Hibakusha to meet survivors of the My Lai Massacre

by Hiromi Morita, Staff Writer

In March, a memorial ceremony will be held in My Lai, central Vietnam, to commemorate the 40th anniversary of the My Lai Massacre which involved the killing of a large number of civilians during the Vietnam War. Five A-bomb survivors, including Shoji Sawada, Professor Emeritus of Nuclear Physics at Nagoya University, will attend the ceremony. They plan to share experiences with survivors of the massacre, as well as U.S. veterans, to explore issues of peace.

As the My Lai Peace Park Project website states, both Hiroshima/Nagasaki and My Lai are “terrible killings grounds, both have been ignored by the U.S. government, both still suffer the long-term effects of weapons which were different in nature but left a similar legacy; radiation and Agent Orange have resulted in high death rates from cancer and genetic damage which continue to be passed on generation after generation.”

A delegation of about 50 people, composed of the five A-bomb survivors, students, and citizens, will leave Japan on March 14 and participate in the ceremony on March 16. They will observe several projects that have been implemented by U.S. veterans of the Vietnam War after reflecting on their role in this conflict. These projects involve providing support to the people of Vietnam by alleviating poverty and establishing peace parks. Members of the delegation will also meet victims of Agent Orange in Hanoi and Ho Chi Minh then return to Japan on March 21.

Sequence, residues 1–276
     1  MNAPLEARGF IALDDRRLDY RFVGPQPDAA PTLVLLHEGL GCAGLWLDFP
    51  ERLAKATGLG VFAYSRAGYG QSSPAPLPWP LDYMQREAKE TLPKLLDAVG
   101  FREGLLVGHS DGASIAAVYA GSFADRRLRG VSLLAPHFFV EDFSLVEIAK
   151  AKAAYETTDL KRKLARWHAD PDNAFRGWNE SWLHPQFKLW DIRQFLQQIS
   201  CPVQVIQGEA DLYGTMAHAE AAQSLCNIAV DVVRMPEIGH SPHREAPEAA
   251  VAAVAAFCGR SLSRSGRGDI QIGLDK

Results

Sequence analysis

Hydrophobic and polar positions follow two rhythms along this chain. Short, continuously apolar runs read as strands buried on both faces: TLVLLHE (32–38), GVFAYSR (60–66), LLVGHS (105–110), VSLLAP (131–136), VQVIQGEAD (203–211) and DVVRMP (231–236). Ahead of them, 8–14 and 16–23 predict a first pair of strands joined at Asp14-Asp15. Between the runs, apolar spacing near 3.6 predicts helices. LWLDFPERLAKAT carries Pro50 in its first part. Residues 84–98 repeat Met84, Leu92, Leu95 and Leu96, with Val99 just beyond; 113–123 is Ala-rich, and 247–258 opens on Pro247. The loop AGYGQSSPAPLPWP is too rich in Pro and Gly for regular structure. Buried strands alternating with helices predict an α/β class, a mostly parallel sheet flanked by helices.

Professor Sawada experienced the atomic bombing of Hiroshima when he was in his second year of high school. He will share his personal account of fleeing from the fire of the bombing and being forced to leave his mother behind. An exhibit on the atomic bombings is also planned. Professor Sawada expressed his enthusiasm for this trip, stating “I look forward to relating my experience of the A-bomb and stressing the foolishness of war.”

The visit is organized as the “Trip Linking My Lai, Hiroshima, and Nagasaki” by Professor Sawada and Professor Hiroshi Fujimoto, a historian of U.S. Diplomacy at Nanzan University. They learned about the ceremony through a U.S. veteran whom they met at a meeting of the World Conference Against Atomic and Hydrogen Bombs and have invited A-bomb survivors and students to take part in the trip.


My Lai Massacre

In 1968, in the midst of the Vietnam War, a platoon of American soldiers led by Lieutenant William Calley attacked the hamlets of My Lai and My Khe of Son My village. Though they had believed the area was a stronghold of the National Front for the Liberation of South Vietnam, the remaining inhabitants were civilians, the majority of them women and children. Nevertheless, Calley ordered his men to kill them and a massacre of unarmed villagers took place. The incident was revealed the following year and caused an outcry throughout the world.